This is going to be – is – another busy week. For the first time in over 25 years Glasgow CAMRA is running a beer festival – the Glasgow Real Ale Festival (G-RAF) opens on Thursday at the Briggait, the city’s former fish market. Significant support has come from Renfrewshire CAMRA who have been running the Paisley Beer Festival for almost as long and know what they're doing.
Glasgow has not one, but two new breweries. Drygate has had plenty of coverage, but, surprisingly, the first to get commercial beer (brewed on their own kit) to market is the much smaller outfit Jaw Brew, based in Hillington. Owner Mark Hazell will have his beer at the G-RAF on Thursday. But Drygate won’t: even though their on-site brewery is now in production, business has been so good that they have run out of the initial stocks of Williams Bros-brewed beer, and their first few brews are going into restocking their own bar.
The preliminary G-RAF list had Drygate’s core beers on it, but it could have been predicted that at least two of them were non-starters: Bearface lager would take far too long to be ready, and it is doubtful if Outaspace Apple Ale can be put in a cask with live yeast at all. It contains about 35% unfermented apple juice which would immediately start fermenting out – if the cask didn’t blow its shive first.
Maclays’ newest city-centre venture “The Raven” opened today, promising both craft beer AND cask ale (sigh…) along with slow-smoked meat. While vegetarians may be praying for the pulled-pork-and-brisket fad to end, it certainly seems to be more of a beer-oriented venue than the office-girls-n-pinot-grigio format Maclays chose for The Hope a couple of streets away – it’s worth noting that the latter has recently done a U-turn and started selling cask ale, after saying at the start that it wouldn’t (Told you so).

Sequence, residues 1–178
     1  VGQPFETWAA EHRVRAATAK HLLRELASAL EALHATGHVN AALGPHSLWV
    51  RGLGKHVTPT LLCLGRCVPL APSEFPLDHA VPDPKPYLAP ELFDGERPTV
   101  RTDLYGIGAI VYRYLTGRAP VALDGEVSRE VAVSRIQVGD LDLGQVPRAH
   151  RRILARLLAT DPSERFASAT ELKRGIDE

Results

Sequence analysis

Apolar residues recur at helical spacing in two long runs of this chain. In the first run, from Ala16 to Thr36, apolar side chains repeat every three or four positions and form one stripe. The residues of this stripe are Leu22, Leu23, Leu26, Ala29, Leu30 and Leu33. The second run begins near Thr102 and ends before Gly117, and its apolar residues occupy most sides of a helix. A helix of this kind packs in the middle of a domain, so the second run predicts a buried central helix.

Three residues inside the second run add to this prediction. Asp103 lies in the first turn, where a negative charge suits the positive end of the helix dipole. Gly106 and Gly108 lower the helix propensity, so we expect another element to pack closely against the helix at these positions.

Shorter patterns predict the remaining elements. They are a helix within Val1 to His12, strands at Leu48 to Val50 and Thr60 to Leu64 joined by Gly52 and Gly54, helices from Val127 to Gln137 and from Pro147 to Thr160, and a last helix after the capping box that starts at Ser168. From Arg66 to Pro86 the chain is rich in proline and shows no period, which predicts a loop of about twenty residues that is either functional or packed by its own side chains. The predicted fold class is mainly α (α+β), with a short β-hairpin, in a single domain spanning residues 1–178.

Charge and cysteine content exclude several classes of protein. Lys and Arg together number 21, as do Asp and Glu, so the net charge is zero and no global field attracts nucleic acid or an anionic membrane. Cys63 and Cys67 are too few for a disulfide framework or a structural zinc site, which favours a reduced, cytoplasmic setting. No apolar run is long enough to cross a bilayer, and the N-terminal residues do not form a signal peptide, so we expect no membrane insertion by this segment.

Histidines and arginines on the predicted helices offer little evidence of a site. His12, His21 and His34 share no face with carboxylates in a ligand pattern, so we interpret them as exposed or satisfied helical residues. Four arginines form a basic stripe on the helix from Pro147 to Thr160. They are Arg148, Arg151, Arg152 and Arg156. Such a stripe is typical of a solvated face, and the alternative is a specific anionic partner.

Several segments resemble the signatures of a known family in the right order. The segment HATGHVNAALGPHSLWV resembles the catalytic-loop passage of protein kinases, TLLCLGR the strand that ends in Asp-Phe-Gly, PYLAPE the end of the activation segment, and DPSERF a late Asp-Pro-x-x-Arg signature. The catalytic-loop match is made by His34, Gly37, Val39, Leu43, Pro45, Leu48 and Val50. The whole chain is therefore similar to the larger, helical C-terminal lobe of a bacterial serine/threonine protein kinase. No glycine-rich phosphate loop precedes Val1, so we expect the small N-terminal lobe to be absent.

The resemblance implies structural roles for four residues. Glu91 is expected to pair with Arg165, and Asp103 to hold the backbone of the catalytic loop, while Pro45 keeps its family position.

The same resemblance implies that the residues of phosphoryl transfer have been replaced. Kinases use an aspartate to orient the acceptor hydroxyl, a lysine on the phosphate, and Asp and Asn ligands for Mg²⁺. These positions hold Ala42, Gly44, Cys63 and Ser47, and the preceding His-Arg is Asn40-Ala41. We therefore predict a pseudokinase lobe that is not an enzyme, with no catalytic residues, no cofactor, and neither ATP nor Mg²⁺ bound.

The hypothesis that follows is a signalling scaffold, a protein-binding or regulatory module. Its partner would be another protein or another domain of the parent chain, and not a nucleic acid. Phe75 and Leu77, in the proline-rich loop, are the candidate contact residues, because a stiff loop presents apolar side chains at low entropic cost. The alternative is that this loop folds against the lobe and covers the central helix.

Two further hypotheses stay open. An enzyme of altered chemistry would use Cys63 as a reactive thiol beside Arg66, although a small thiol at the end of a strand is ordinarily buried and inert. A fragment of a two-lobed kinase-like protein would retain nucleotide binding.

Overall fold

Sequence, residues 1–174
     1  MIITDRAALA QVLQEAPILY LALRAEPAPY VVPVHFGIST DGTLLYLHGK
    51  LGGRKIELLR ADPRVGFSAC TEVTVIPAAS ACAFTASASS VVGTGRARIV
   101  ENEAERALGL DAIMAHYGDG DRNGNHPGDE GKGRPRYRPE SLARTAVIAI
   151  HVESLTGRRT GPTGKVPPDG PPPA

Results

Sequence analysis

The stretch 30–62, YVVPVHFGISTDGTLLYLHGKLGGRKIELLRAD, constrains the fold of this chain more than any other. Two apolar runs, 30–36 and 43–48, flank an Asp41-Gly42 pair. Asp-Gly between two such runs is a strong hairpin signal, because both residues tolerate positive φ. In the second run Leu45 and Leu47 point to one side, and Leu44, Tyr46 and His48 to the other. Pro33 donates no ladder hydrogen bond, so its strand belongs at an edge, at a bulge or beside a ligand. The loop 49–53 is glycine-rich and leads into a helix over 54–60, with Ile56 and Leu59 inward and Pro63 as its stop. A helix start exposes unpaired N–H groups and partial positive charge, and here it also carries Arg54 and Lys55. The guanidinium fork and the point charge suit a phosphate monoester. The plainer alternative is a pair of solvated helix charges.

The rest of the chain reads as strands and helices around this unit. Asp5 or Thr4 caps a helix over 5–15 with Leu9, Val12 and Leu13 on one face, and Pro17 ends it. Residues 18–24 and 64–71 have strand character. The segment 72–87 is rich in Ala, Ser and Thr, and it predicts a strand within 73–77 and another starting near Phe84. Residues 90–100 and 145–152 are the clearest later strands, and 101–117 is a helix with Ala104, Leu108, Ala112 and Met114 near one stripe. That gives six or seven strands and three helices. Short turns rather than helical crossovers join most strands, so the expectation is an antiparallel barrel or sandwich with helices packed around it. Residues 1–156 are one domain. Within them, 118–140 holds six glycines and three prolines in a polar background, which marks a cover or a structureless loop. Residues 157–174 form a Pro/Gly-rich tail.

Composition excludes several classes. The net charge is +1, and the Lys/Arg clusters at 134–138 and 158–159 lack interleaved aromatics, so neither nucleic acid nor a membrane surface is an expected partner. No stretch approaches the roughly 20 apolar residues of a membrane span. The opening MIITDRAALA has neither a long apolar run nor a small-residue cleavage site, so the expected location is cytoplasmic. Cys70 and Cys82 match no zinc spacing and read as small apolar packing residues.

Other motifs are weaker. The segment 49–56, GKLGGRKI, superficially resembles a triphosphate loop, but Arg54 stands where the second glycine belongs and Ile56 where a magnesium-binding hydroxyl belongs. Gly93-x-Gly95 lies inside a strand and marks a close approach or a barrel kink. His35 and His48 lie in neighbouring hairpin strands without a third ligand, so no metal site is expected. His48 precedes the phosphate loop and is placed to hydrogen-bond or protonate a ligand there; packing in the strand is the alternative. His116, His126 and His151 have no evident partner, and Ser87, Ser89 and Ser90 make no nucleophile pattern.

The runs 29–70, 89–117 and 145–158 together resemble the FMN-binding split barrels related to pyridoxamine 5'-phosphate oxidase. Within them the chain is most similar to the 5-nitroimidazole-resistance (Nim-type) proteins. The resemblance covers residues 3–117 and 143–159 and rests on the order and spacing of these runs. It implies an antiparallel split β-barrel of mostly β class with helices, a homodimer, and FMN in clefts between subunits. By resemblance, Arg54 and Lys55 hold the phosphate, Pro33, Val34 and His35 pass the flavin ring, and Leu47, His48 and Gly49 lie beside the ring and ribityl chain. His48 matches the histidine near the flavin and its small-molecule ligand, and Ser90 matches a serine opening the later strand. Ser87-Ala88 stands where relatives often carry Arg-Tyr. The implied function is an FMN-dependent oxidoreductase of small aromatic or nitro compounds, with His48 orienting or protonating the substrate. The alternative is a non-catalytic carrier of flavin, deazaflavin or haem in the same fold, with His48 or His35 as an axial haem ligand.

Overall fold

Re-opening after refurbishment tomorrow is the Clockwork Beer Co on the south side, also Maclays-owned. I don’t know much about what’s changed, but I have heard the Clockwork will be adding WEST beer to their newly “craftified” range. This is interesting because, until a few weeks ago, that would have put it in the position of selling all three Glasgow-brewed lager brands: WEST, Tennent’s and their own Clockwork lager. Now that Drygate is open, it means there’s still no pub that sells all of the city’s lagers!
While I’m on the subject of Maclays, the veteran cellarman at the legendary real ale pub The Three Judges, Ronnie Anderson, has retired. Ronnie knows more about beer than just about anyone in Glasgow – by a considerable margin – and on his watch the Judges specialised in beers from English microbreweries. Generally there would be at least one brewery represented on the bar that I’d never heard of before. It’s to be hoped the Judges will maintain the same standards without Ronnie, but they are some damn big shoes to fill.